Winding Nockalm Road, Austria with green grass and cattle grazing

Top 10 ways to cross the Alps by car

Updated by Sasha Yanshin on April 2 2024

Stretching 750 miles across eight countries (France, Switzerland, Italy, Monaco, Liechtenstein, Austria, Germany, and Slovenia), the Alps is the highest and most extensive mountain range in Europe, famed for its world-class ski resorts, epic hiking trails, challenging cycle routes, and - of course - incredible mountain roads.

When it comes to driving in the Alps, you're pretty much guaranteed to be met by adrenaline-inducing hairpin turns, steep inclines and picture-perfect views whichever country you choose to visit, making for some of the best driving opportunities in Europe.

Most Alpine roads are closed in the winter for safety reasons, so if you're planning to drive through the Alps, you're better off picking a date in the late spring and summer.

You can save the snowy peaks for ski season and use this road trip to admire the fresh Alpine meadows, wild flowers, cascading waterfalls, and rocky peaks that come alive in the warmer months.

So what's the best way to cross the Alps by car? Here are our top ten picks, from meandering mountain passes to epic longer routes, each of which highlights the unique diversity and beauty of the Alpine region.

1. Great St Bernard Pass - Switzerland to Italy

The Great St Bernard Pass is one of the most famous drives through the Alps.

At an elevation of 2,469 metres above sea level, the pass lies on a ridge between the two highest mountains in the Alps, Monte Blanc and Monte Rosa, and is made up of exciting twists and turns with incredible views around every corner.

The road stretches from Martigny in Switzerland to Aosta in Italy and was historically used as an easy way to cross the Alps (there's evidence of a Roman road here) and as a trade route.

Since the opening of the Great St Bernard Tunnel through the mountains, however, its practical use has decreased and it's become almost exclusively a fun and enjoyable road to drive, attracting thousands of tourists each year.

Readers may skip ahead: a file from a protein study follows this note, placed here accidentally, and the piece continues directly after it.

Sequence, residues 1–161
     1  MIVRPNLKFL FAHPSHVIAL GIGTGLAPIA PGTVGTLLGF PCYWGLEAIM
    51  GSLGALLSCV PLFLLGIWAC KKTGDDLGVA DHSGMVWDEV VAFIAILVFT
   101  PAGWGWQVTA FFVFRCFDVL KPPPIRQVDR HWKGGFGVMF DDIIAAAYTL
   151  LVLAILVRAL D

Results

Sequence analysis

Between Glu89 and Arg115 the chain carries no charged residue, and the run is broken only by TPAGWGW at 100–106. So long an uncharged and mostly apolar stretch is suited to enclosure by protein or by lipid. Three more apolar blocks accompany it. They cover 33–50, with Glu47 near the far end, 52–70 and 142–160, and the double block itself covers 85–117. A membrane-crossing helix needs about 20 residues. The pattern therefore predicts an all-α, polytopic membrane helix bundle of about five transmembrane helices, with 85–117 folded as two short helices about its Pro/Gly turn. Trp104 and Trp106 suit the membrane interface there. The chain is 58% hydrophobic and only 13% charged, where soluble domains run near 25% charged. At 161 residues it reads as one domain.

Another factor that draws in visitors is the historic Great St Bernard Hospice. Located at the highest point of the pass, the hospice is thought to have been founded in the 10th century to house weary travellers on their way across the Alps.

The hospice was also made famous as the site where St Bernard dogs were bred to work as rescue dogs, able to cross deep snow and track down lost travellers.

Although the dogs are no longer bred here, the hospice still welcomes passing guests, and houses a really nice restaurant, informative museum, and souvenir shop if you fancy a break.

Take your time winding along the pass, and stop regularly to take in the views - trust us, the driver will want plenty of opportunities to take their eyes off the road during this trip!

Length: 82km (51 miles)

Time it takes to drive: 1 hour 20 minutes (without stops)

Difficulty: Moderate

When to go: June to October - the road is closed from November to June due to dangerous weather conditions

Winding road on green mountain Great St Bernard Pass, Switzerland/Italy
R Scapinello/

2. Grossglockner High Alpine Road - Austria

Grossglockner is not only Austria's highest peak, but one of the highest in the Alps, so a drive up the Grossglockner High Alpine Road is guaranteed to be impressive.

This epic Alpine road runs through the heart of the Hohe Tauern National Park and up towards the peak of the mountain, wriggling through meadows blanketed in wild flowers, fragrant forests, and rugged crags.

Be sure to drive up to the Kaiser-Franz Josephs Höhe, a scenic spot offering spectacular views of the longest glacier in the Eastern Alps, the Pasterze. There's an informative Visitor Centre here where you can learn all about the glacial landscapes.

It's also possible to park up here and go for a scenic walk or picnic if you want to, but make sure you've packed some warm clothes as you'll be at an elevation of 2,369 metres and there's likely to be a strong wind chill.

Note that the road isn't open 24/7, and there is a fee to drive along it. From 1st June to 31st August the road is open from 5am to 9.30pm, from 1st September until 26th October it is open from 6am to 7.30pm, and from November to May the road is closed.

A day ticket costs €36.50 per car and is payable online in advance or at one of the toll booths.

Length: 48km (30 miles)

Time it takes to drive: 1 hour (without stops)

Difficulty: Easy

When to go: May to October - the road is closed from November to May due to dangerous weather conditions

A car driving on the Grossglockner High Alpine Road, Austria with snowy peaks in the distance
Albert Nowicki/

3. Col de la Bonette - France